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India Falls Out of Love with Falling Out of Love with Gold. Again

So why say otherwise...?
TIME and again, major news outlets claim that India is "falling out of love with gold", writes Adrian Ash at BullionVault.
They say it so often, you wonder who they're trying to convince.
The Times of India said it in 2012, then in 2014 it was Business Today. In 2016 it was the turn of the Financial Times. Last summer it was Bloomberg.
Now it's The Economist. Twice so far this spring, in fact.
"Indians may be falling out of love with gold," said the world's worst cat-litter lining in a mid-March post on its website.
That cautious "may be" was gone by this month's re-write.
"Why are Indians falling out of love with gold?" asks a section humbly entitled "The Economist explains" taking for fact what had seemed moot just 9 weeks before.
"Indian households are reckoned to have a stockpile of gold worth $800bn...Yet the Indian market is not as healthy as it was.
"Purchases of the metal have fallen by around a fifth since their peak in 2010."
How come?
"A weak Rupee, a high gold price and changing fashions all play a part," said the first draft.
"Jewellery fashions are changing," agrees the second version – "[but also] more money can be made on the stockmarket."
True x4.
India was gold's No.1 consumer nation since at least the 1st Century CE Kushan Empire. Now it sits in second place behind China.
The Rupee's drop to new all-time lows has meantime been followed by the highest global gold prices since 2012 outside the US Dollar.
Alongside that, if not because of it, lighter pieces are reportedly growing more popular among India's jewelry buyers. And the super soaraway Sensex has hit record highs – jumping at its fastest in a decade – on nationalist Hindu BJP boss Narendra Modi winning a second term as Prime Minister of the world's biggest democracy.
All that might explain India dumping gold like a hormonal teenager dumping last month's hot crush.
But does it need to?
Because really, does this look like "falling out of love" to you?
Chart of India's household gold demand in tonnes and US$ value. Source: BullionVault via WGC
Yes, like The Economist says, household gold demand in India has indeed retreated since 2010 according to the best available data. It comes courtesy of specialist analysts Metals Focus' work for the mining-industry backed World Gold Council.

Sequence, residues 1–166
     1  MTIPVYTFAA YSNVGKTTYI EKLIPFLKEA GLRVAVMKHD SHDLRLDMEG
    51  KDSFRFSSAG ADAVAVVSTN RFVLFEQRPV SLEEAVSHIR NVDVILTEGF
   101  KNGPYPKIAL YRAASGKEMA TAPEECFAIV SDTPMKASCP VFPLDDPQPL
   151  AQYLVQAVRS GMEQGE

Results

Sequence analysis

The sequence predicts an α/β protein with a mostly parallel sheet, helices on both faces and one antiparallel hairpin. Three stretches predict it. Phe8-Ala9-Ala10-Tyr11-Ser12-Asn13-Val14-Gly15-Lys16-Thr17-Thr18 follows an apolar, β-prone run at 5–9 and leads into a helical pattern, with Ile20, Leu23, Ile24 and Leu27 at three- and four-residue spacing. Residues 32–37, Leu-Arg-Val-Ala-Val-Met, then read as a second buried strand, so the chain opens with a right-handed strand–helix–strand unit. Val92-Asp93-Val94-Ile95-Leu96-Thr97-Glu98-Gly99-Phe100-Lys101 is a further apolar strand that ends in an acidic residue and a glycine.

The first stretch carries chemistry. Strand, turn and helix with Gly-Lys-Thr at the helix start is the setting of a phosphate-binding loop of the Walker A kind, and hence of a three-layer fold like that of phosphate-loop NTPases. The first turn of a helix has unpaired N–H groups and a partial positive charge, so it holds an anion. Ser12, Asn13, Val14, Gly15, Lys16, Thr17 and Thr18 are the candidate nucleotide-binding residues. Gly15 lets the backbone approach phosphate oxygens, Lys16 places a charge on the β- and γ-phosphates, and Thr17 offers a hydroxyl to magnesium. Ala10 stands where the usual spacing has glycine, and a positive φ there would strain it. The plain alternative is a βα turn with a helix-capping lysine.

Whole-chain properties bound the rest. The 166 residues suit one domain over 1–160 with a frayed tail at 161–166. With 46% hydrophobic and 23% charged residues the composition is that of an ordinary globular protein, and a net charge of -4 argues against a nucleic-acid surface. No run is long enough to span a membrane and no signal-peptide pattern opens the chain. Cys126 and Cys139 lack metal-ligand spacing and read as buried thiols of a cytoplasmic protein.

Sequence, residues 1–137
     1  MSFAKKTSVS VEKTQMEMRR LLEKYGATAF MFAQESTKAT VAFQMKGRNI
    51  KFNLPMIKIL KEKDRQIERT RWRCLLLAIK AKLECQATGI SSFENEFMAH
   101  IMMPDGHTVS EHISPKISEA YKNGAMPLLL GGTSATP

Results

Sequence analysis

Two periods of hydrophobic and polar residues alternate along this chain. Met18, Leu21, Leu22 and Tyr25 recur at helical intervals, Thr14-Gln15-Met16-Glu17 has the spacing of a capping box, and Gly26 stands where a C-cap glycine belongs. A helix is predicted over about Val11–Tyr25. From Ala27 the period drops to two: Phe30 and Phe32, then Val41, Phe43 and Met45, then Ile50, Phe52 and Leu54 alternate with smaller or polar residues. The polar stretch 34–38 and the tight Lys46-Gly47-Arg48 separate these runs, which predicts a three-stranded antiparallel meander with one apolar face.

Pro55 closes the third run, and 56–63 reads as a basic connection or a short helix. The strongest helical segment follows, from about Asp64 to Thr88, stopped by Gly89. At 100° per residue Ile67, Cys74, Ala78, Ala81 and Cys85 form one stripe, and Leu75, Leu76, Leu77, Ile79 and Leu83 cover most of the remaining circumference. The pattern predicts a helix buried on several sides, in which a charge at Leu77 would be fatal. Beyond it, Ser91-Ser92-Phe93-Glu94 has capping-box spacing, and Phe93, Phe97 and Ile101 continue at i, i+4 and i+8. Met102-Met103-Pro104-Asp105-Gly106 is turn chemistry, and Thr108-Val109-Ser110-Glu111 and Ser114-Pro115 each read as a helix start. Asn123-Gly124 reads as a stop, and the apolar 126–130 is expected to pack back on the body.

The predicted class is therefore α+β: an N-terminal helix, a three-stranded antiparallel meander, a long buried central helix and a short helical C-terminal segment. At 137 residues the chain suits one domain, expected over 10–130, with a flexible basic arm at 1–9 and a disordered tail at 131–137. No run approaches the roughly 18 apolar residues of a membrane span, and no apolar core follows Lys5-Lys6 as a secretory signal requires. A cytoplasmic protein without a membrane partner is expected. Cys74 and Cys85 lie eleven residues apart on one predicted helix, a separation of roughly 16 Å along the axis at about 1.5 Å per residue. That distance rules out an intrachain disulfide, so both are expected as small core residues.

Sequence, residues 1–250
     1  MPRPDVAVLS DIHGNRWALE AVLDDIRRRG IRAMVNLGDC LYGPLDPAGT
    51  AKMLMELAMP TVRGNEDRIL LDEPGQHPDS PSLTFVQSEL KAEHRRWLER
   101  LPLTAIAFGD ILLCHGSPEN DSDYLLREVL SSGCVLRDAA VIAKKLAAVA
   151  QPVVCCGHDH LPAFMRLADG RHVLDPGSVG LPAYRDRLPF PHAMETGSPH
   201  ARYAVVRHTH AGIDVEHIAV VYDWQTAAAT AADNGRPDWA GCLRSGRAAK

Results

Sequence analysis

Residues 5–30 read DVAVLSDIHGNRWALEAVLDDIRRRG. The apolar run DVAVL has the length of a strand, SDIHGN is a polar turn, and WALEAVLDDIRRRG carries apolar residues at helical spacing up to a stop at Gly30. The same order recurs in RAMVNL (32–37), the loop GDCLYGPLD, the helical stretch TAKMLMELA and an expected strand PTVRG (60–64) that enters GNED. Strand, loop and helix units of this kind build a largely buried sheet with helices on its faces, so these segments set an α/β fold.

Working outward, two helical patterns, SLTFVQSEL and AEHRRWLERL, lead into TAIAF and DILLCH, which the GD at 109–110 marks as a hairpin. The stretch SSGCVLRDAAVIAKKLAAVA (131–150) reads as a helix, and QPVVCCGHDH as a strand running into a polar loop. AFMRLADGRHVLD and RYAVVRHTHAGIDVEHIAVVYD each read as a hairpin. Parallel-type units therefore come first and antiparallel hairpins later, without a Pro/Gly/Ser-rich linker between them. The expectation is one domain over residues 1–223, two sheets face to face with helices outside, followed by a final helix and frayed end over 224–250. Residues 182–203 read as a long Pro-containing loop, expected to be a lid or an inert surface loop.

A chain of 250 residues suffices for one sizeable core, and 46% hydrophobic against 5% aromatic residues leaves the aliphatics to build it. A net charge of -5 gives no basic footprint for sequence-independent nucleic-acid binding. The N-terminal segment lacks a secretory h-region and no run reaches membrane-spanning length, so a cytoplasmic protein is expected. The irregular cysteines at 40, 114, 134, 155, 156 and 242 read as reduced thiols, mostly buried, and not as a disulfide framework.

Peaking just above 1,000 tonnes however, that year's gold buying marked two things:
  • the start of Metals Focus' and therefore the WGC's current data series;
  • a historic spike for India, beating even the low-price peaks of the late 1990s as gold coins and bar buying added to the pent-up demand delayed by 2009's global economic crash.
Ignoring that spike in 2010 – and a spike it was, whether against India's 5,000-year history of gold or just the last half-century – the paltry 760 tonnes of India's consumer demand estimated for 2018 was only 7.0% below the prior 5-year average.
Inded, compared with the turn of the millennium – when the lowest global gold prices in two decades spurred heavy demand from the world's then No.1 consumer nation – India's average annual gold demand over the last 5 years has risen 6.4% by weight. More importantly, it's risen 4.8 times by value in US Dollar terms.
Hardly falling out of love, even against the 6-fold growth in India's USD gross domestic product.
Looking on a per person basis, a similar story. The quantity of gold bought by the average inhabitant of the world's second most populous nation saw a historic spike in 2010 just above 0.8 grams. With India's population rising 10% since then, per capita gold demand in 2018 held below 0.6 grams for the 3rd year running on the WGC/Metals Focus figures.
Yes, that lags the uber-rich mini-states of Hong Kong (7.0 grams), Switzerland (4.4g), the United Arab Emirates (4.0g) or Singapore (2.9g). But they aren't home to 1.3 billion people.
In fact, India's gold demand beat all but 15 other nations in 2018 on a per capita basis, despite India coming at No.164 in the World Bank's table of GDP per head in US Dollar terms. So if you look at household gold demand as a percentage of economic output per person, India led the world – yet again – with a spend worth 1.2%.
That was twice the figure for Hong Kong, 3 times the UAE number, 5 times Switzerland and 6 times Singapore. It was almost 4 times the figure for China.
Again, does that look like India is "falling out of love" to you?
India's per capita gold demand last 9 year. Source: BullionVault via WGC
Still, like The Economist's simple reading of the WGC data suggests, India's per capita demand has fallen since the 2010 spike, dropping by one-third. But the domestic price of bullion has meantime risen by two-thirds, thanks both to gold rallying in Dollars as the Rupee fell, but also to the extra costs added to retail prices.
So again, Indian households' per capita gold buying is stronger than a quick glance might say. Not least because that starting point of 2010 remains almost as extraordinary as the official attack on gold demand since then.